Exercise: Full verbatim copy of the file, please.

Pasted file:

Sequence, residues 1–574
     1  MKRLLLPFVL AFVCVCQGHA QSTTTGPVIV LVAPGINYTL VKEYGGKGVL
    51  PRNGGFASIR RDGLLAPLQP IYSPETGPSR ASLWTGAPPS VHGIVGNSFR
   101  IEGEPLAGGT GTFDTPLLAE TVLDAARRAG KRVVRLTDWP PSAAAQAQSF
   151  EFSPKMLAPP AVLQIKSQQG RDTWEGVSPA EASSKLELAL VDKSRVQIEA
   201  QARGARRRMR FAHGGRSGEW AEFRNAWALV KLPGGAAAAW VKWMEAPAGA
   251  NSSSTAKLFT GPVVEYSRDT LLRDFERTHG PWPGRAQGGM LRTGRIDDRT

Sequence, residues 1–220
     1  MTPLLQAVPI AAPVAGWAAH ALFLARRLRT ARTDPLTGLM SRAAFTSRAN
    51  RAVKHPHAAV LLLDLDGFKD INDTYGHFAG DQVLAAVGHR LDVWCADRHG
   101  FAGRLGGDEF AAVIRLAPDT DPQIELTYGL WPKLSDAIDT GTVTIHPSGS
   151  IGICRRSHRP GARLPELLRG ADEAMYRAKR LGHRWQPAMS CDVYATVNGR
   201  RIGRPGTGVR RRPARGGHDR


Sequence, residues 1–574
     1  MKRLLLPFVL AFVCVCQGHA QSTTTGPVIV LVAPGINYTL VKEYGGKGVL
    51  PRNGGFASIR RDGLLAPLQP IYSPETGPSR ASLWTGAPPS VHGIVGNSFR
   101  IEGEPLAGGT GTFDTPLLAE TVLDAARRAG KRVVRLTDWP PSAAAQAQSF
   151  EFSPKMLAPP AVLQIKSQQG RDTWEGVSPA EASSKLELAL VDKSRVQIEA
   201  QARGARRRMR FAHGGRSGEW AEFRNAWALV KLPGGAAAAW VKWMEAPAGA
   251  NSSSTAKLFT GPVVEYSRDT LLRDFERTHG PWPGRAQGGM LRTGRIDDRT

Sequence, residues 1–220
     1  MTPLLQAVPI AAPVAGWAAH ALFLARRLRT ARTDPLTGLM SRAAFTSRAN
    51  RAVKHPHAAV LLLDLDGFKD INDTYGHFAG DQVLAAVGHR LDVWCADRHG
   101  FAGRLGGDEF AAVIRLAPDT DPQIELTYGL WPKLSDAIDT GTVTIHPSGS
   151  IGICRRSHRP GARLPELLRG ADEAMYRAKR LGHRWQPAMS CDVYATVNGR
   201  RIGRPGTGVR RRPARGGHDR